Group lauds Niger Govt. for allocating funds for family planning

 An NGO, Child Spacing and Adolescent Youth Reproductive Health, has commended the Niger government for its recent allocation of funds for the family planning subsector.

This is contained in a statement issued on Sunday by the NGO, signed by its Project Director, Dr Aliyu Shehu, and made available to newsmen in Minna.

Shehu said that the measure would give a new hope for improved health care provision for women of reproductive health in the state.

“Allocation of budget line marks a new hope for improved health care provision for women of reproductive health in the state, amidst shortages in releasing funds to the family planning subsector.

“We commend the state government on the giant stride of allocating a budget line to family planning.

“It will further enhance and fast track the processes of funding allocation and releases to the family planning sector,” he said.

Shehu said that the group met and deliberated on issues relating to child spacing in Niger.

He said the group also met to mobilise resources and generate the political will toward tackling the challenges associated with family planning and adolescent reproductive health in the state.

He said the budgetary allocation to the health sector in Niger in 2021 has dropped, compared to the allocations in 2018,  2019 and 2020.

According to him, the current allocation of 6.5 per cent to the health sector in the state has fallen short of the Abuja Commitment of 15 per cent to the health sector.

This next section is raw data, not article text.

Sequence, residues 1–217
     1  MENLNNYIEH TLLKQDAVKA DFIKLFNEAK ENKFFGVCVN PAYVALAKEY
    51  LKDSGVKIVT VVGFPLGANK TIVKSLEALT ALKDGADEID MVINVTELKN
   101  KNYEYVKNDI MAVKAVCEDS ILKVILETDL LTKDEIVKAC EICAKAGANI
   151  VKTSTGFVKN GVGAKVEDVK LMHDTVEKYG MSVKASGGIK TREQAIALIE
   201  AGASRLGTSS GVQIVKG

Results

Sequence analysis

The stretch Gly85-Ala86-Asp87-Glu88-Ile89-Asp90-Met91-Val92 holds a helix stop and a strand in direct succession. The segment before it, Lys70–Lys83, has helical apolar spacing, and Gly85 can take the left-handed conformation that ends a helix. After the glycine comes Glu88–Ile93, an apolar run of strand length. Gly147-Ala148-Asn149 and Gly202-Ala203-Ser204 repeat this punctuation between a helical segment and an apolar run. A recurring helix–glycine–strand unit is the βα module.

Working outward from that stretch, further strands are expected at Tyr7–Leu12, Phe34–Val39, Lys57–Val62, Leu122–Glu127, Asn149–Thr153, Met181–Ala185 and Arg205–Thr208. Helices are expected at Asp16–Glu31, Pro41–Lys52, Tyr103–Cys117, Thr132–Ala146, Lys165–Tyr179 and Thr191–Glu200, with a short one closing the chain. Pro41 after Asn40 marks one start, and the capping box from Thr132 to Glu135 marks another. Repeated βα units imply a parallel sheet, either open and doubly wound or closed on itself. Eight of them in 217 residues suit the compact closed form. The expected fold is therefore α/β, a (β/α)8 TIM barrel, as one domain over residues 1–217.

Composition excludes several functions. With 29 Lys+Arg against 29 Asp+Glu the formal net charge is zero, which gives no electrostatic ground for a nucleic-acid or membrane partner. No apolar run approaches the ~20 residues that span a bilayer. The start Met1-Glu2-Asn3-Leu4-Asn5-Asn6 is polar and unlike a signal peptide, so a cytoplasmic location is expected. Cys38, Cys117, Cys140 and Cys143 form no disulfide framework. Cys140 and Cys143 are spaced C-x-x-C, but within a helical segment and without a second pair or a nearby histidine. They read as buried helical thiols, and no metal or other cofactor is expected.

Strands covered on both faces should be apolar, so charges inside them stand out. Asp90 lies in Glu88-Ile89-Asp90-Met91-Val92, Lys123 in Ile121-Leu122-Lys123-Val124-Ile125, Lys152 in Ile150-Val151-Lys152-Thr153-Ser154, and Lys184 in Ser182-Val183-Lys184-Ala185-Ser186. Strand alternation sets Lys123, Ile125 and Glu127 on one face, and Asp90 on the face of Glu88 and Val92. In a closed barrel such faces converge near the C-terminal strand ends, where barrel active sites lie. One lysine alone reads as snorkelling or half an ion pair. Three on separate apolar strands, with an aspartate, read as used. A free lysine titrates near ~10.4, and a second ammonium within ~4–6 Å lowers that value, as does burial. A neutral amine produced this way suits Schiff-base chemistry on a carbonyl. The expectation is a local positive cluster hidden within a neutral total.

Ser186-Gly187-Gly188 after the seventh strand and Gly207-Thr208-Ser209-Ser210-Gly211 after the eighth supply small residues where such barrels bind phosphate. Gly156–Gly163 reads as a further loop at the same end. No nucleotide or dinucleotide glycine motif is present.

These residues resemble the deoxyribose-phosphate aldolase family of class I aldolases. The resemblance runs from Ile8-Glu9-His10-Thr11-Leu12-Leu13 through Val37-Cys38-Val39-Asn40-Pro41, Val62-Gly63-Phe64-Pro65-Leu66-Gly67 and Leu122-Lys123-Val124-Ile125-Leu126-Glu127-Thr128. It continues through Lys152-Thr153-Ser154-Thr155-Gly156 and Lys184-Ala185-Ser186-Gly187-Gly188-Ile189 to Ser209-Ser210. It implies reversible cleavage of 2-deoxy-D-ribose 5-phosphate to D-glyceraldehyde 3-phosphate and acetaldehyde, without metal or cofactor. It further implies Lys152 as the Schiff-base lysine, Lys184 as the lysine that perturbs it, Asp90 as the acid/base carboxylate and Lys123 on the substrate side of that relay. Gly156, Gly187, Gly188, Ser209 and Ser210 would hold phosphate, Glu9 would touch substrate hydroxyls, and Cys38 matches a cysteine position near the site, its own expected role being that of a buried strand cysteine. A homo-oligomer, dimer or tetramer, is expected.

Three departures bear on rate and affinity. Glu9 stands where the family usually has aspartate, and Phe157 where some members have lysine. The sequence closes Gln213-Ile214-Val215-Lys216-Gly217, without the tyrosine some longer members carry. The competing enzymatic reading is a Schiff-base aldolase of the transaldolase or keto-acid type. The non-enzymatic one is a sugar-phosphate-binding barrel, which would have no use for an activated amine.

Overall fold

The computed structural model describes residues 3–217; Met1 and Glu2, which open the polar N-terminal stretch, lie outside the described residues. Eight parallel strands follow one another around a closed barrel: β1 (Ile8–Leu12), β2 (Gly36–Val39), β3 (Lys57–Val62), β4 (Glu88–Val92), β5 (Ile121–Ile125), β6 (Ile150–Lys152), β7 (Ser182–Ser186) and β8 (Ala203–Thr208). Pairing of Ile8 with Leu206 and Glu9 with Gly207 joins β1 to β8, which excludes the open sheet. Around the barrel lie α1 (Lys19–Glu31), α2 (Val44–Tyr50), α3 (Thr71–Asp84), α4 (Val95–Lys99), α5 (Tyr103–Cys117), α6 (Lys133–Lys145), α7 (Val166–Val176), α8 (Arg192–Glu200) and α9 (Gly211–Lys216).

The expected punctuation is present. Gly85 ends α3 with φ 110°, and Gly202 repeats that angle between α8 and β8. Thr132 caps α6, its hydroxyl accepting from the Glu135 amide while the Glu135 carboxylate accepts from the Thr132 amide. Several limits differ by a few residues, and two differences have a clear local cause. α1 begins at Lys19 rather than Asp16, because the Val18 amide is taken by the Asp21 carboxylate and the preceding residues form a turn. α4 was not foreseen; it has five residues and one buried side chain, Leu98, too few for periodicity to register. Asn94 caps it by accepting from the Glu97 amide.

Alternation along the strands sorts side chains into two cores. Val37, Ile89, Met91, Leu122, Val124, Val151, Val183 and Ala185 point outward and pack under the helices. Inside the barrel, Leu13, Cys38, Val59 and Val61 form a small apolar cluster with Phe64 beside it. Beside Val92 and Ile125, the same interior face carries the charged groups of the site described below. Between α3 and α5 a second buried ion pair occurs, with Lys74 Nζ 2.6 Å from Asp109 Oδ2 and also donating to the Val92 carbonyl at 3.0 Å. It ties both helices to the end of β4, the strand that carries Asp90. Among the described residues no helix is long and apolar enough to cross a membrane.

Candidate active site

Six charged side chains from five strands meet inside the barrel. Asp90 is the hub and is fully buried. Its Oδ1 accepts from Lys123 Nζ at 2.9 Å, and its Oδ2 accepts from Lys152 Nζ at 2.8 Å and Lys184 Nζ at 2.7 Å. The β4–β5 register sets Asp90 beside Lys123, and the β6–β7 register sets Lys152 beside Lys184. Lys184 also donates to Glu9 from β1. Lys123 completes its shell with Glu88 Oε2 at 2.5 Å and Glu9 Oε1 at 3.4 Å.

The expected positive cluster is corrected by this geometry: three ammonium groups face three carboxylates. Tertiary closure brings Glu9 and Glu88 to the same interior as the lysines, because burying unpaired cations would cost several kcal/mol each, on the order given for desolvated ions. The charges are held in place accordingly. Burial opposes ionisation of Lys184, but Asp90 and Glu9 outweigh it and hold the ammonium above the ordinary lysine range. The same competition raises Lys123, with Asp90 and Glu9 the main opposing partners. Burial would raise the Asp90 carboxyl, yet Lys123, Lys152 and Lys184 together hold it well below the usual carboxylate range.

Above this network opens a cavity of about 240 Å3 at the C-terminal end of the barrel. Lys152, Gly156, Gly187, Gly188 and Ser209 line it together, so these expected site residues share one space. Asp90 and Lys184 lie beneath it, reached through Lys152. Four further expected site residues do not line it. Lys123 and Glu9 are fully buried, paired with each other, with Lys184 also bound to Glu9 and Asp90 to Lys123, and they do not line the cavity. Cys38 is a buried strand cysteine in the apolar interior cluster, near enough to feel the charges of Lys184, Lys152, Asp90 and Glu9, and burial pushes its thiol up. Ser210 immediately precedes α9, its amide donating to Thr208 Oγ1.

Shehu expressed concern over the lack of budgetary allocation to the family planning subsector, over the years.

According to him, “funding shortages will lead to Niger indigenes likely being responsible for their healthcare needs and this will have  catastrophic consequences for women of reproductive health.

“This will in turn hamper the indices of the state and so the blueprint commitment of increasing the state Contraceptive Prevalent Rate (CPR) from six per cent to 25 per cent will not be achieved.

“This could result to more women dying from complications of pregnancy and childbirth,“ he said.

The project director called for adequate and prompt release of funds to the health sector to enhance the achievements of the state 2017 family planning blueprint commitment of increasing its CPR from 6.6 per cent to 25 per cent.

“In order to avoid catastrophic consequences to Nigerlites and women of reproductive age as a result of poor releases to family planning, there is the need for improved and adequate releases to the health sector,’’ he said.

Shehu urged the state government, the state assembly and all relevant stakeholders to do the needful by reviewing the health sector allocation in the 2021 budget and improving on funds released to the family planning sector.

“There is the urgent need to review upward the percentage allocation to health sector in the 2021 budget and for government to strengthen its commitment of allotting budget line for child spacing,“ he said.

The News Agency of Nigeria (NAN) reports that the meeting was supported by the Development Research and Project Centre (DRPC), an NGO. (NAN)